They move in the traditional watch industry, they see themselves very progressive - the language is from the watch manufacturer IWC. In the first part of the interview, Julia Viehweider, Lead HR Business Partner Team, Learning and Development, and René Behr, Director Global Human Resources and Member of the Executive Board, explain the influence of workplace culture on this.
It's about workplace culture at IWC. On your homepage I could read that 90% of all employees at IWC are proud to tell others that they work for you. How do you do it?
René: Well, first of all, we can certainly do that with our products. All our product families are strongly linked to our history and the stories behind them create a strong identification with IWC's values and culture. When our employees see that the watches they have worked on, either directly or indirectly, are worn with pride around the globe, they return an unbelievably high esteem. Many employees wear an IWC watch themselves and proudly show it to their friends and families.
Secondly, IWC is strongly rooted in the Schaffhausen region and has a very good reputation - which is why people like to say that they work at IWC. And thirdly, this is certainly also due to the strong sense of community, the strong team spirit and the familiar working atmosphere at IWC - despite our size. We have a global workforce of around 1,400, half of whom work here in Schaffhausen.
"We are a bit like a family there: sometimes people argue, then they reconcile and in the end they celebrate together at the family dinner.”
How does family interaction manifest itself in everyday working life?
René: For example, every employee can contact our CEO or any other member of the Executive Board at any time. We live a flat hierarchy and see this as an opportunity to foster our family atmosphere. We also have many long-standing employees, some of whom have been working together for over 30 years. You know when the other person has a bad day and help each other or seek solutions together. I think it's perfectly normal for opinions to diverge anyway. Much more important is that mutual understanding is shown. We are a bit like a family: sometimes people argue, then they reconcile again and in the end we celebrate together at the family dinner.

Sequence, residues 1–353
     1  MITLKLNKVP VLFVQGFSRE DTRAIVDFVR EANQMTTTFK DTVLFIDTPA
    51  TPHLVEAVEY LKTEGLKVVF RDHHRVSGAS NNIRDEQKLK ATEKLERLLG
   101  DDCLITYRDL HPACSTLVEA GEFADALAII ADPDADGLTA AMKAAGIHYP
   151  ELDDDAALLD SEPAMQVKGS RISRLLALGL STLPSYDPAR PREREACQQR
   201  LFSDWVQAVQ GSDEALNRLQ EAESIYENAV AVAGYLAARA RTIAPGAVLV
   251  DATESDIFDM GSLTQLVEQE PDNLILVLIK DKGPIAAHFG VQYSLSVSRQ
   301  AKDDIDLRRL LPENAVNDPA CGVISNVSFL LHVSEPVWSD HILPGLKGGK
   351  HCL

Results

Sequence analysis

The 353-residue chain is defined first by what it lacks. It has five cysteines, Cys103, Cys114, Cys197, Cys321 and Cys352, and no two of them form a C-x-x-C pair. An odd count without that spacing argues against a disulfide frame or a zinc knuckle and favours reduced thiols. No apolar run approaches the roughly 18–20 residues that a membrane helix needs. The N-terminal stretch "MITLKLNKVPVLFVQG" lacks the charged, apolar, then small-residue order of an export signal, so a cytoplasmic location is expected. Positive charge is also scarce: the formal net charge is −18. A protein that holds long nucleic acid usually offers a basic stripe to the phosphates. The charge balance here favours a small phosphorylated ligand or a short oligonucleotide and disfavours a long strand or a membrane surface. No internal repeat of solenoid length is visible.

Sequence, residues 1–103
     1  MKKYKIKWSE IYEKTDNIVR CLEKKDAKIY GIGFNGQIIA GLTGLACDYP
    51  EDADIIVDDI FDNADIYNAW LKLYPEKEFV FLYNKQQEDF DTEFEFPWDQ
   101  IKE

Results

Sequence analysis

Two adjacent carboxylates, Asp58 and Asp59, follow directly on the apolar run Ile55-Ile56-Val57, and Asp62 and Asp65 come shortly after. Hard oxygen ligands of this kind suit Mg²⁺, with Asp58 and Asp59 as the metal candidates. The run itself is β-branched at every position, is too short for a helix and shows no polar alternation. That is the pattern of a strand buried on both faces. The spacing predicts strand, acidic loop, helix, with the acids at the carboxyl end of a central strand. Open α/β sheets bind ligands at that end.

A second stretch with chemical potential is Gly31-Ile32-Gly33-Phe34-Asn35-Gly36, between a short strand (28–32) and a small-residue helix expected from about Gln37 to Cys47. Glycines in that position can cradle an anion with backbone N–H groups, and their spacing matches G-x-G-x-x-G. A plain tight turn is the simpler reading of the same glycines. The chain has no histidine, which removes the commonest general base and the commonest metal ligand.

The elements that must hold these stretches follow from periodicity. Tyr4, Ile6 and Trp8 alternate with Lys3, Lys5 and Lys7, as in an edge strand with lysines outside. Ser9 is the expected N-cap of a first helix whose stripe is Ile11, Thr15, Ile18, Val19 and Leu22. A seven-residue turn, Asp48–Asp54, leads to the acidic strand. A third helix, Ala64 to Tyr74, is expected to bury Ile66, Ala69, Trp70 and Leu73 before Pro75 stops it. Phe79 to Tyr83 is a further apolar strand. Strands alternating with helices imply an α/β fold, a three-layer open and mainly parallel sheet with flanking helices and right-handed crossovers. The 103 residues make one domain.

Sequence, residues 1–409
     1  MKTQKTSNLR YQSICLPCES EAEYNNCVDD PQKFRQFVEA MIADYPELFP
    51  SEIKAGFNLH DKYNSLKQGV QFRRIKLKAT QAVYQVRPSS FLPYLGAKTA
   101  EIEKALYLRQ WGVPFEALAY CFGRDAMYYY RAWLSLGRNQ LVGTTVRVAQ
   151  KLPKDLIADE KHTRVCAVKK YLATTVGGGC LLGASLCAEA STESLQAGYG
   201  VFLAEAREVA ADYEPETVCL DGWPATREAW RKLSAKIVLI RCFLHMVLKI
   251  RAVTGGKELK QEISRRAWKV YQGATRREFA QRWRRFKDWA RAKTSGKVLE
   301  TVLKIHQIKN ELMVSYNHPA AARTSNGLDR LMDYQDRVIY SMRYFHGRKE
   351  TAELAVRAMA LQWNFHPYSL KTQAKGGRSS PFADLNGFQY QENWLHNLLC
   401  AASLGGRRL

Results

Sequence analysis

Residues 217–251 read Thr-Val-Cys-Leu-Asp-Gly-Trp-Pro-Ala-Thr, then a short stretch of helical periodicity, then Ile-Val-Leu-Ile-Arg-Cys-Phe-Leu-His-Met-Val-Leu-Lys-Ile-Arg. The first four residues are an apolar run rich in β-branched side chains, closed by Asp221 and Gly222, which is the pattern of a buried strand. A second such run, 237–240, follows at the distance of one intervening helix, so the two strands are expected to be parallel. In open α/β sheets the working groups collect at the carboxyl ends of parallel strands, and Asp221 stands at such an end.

So are family relations and flat hierarchies your secret recipe for high employer attractiveness?
René: You certainly contribute to this. But there are a number of other reasons for this, such as the attractive job content or the pleasant working environment. We also received this feedback from our employees in the Great Place to Work® employee survey: 87% of our employees said that our buildings and facilities contribute to a good working environment. And we make sure of that: only last year we opened the new manufacturing center with its beautiful workplaces. In general, as a watch brand we are very progressive - and not just in innovation and development. For example, we encourage our employees to reduce their CO2 footprint by leaving their cars at home and using public transport to get to work instead. Or we enable Flex-Time and Home Office where we can. This is all rather unusual in the very traditional watch industry. And yet we do all this because we are convinced that we can create a very good workplace culture - and thus higher added value - with modern working methods and trusting interaction with one another.
"But it is also important to us that we convey an authentic impression in our interviews with applicants and on the one hand bring this dream world, this luxury world, closer to the people, but on the other hand also show that we are a very down-to-earth company where cooperation is characterised by our sense of community - and not by attitudes or luxury behaviour.
To be progressive and at the same time remain family or traditional - isn't that too much of a balancing act?
René: Oh no, I don't think so. 150 years ago, when the IWC was founded, it was characterized by this combination of traditional watchmaking and progressive industrialization. Florentine Jones already managed to combine industrial production with the artistic art of Swiss watchmaking - a recipe that still works very well today.